New JISEA report finds business opportunities in synergies between natural gas and renewable energy

JISEA has released a new report which shows potential business opportunities and economic growth through the combined use of natural gas and renewable energy.

To support the U.S. need for cleaner energy sources now and in the long term, a new study by the Joint Institute for Strategic Energy Analysis (JISEA) identifies compelling business models that build from the synergies of two abundant, domestic forms of energy: natural gas and renewable energy.

"Natural gas and renewable energy each contribute to economic growth, energy independence, and carbon mitigation, sometimes independently and sometimes collectively," says Douglas Arent, JISEA Executive Director. "With this paper and a larger line of study, JISEA is examining ways these two domestic forms of energy can work in greater concert."

The paper, Exploring the Potential Business Case for Synergies between Natural Gas and Renewable Energy, identifies revenue opportunities that emerge from systems-level perspectives in "bulk energy" (large-scale electricity and natural gas production, transmission, and trade) and four "distribution edge" subsectors: industrial, residential, commercial, and transportation end uses. Example areas of potential business collaboration include transmission corridors that serve both technologies, and flexible fuel turbines that allow for fuel diversification, added energy security, and reduced price risk.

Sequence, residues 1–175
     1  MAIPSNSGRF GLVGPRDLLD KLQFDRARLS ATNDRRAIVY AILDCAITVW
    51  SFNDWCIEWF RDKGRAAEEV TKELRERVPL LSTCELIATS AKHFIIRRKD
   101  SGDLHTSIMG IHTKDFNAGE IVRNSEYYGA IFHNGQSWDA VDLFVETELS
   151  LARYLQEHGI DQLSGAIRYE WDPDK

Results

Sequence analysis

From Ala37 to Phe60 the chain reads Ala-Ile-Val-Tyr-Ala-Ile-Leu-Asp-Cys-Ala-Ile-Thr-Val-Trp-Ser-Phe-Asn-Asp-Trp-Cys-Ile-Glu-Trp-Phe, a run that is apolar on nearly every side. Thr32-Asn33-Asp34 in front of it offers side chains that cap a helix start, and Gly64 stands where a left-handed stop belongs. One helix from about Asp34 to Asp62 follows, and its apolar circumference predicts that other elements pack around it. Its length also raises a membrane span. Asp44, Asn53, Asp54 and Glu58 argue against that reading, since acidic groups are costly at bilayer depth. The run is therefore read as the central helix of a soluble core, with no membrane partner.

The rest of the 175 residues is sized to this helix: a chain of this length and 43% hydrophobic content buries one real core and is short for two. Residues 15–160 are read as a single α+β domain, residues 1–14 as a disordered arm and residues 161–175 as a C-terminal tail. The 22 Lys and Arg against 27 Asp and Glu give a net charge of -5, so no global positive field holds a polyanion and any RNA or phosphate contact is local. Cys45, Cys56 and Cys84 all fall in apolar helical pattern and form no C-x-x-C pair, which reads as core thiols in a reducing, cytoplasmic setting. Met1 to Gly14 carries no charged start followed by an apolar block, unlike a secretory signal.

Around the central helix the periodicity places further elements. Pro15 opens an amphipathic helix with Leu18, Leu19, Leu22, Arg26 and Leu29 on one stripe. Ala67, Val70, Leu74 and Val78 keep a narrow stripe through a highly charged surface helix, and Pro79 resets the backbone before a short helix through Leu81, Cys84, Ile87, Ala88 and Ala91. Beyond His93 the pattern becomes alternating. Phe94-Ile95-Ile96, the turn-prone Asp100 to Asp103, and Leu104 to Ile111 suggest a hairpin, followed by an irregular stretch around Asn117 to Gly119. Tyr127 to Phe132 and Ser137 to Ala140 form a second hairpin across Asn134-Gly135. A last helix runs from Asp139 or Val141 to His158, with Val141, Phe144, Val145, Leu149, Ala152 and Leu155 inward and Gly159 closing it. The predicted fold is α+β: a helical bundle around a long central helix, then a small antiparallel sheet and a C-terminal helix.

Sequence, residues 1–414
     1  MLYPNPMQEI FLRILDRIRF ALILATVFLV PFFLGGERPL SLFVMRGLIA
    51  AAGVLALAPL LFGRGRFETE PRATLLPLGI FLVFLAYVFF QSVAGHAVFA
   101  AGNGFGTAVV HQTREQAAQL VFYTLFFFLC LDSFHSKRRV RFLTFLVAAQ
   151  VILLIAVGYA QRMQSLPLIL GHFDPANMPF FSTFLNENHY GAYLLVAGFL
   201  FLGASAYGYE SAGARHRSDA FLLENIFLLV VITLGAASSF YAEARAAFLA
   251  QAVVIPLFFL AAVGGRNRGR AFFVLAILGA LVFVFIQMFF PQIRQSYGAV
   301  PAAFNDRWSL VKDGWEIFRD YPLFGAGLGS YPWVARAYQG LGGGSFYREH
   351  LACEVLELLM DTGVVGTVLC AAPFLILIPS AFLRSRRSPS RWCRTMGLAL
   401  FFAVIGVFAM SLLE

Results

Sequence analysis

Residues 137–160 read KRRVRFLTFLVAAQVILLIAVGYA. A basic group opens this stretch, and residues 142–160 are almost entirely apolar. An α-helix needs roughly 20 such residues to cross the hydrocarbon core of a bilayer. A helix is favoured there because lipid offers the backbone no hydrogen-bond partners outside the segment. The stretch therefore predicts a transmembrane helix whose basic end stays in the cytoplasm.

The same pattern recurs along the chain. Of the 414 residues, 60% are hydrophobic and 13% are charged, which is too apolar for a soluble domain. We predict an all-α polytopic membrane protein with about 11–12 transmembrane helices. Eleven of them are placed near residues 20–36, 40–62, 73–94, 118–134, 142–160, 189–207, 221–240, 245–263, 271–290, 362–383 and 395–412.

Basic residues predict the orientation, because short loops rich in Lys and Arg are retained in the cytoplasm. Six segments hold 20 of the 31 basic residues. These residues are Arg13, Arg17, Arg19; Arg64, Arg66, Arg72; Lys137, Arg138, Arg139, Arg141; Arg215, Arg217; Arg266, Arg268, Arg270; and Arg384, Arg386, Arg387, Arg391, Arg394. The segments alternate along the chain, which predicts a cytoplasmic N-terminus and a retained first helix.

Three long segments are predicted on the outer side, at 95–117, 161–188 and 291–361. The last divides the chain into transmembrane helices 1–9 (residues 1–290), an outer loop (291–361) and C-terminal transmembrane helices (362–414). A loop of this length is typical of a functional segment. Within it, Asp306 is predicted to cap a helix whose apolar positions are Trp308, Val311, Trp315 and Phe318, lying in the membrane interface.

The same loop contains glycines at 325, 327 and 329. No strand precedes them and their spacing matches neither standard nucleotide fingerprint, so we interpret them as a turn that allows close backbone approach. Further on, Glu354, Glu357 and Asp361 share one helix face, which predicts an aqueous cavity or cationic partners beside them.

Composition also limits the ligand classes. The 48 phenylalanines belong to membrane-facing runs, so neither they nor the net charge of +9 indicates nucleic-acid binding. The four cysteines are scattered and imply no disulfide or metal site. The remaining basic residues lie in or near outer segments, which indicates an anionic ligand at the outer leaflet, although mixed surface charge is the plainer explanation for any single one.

"To advance a cleaner, decarbonized energy system, we have to look at energy and economic systems in new ways. With this study, JISEA provides a valuable and unique perspective on collaboration rather than competition between natural gas and renewables, and practical insights that can help spur the clean energy economy," says former Colorado Governor Bill Ritter, director of the Center for the New Energy Economy (CNEE) at Colorado State University. CNEE and JISEA co-hosted a workshop to gather expert input on the business models for gas and renewables.

"Some of the synergies at the commercial level can be illustrated through an example of a big box store that generates, consumes, stores, and sells energy and provides energy services," says Jaquelin Cochran, lead author of the study. "In this example, we identified numerous potential revenue opportunities for the utilities, energy providers, car manufacturers, municipal waste firms, and many other businesses and service providers. This analysis could potentially inspire entrepreneurial action to transform our energy system."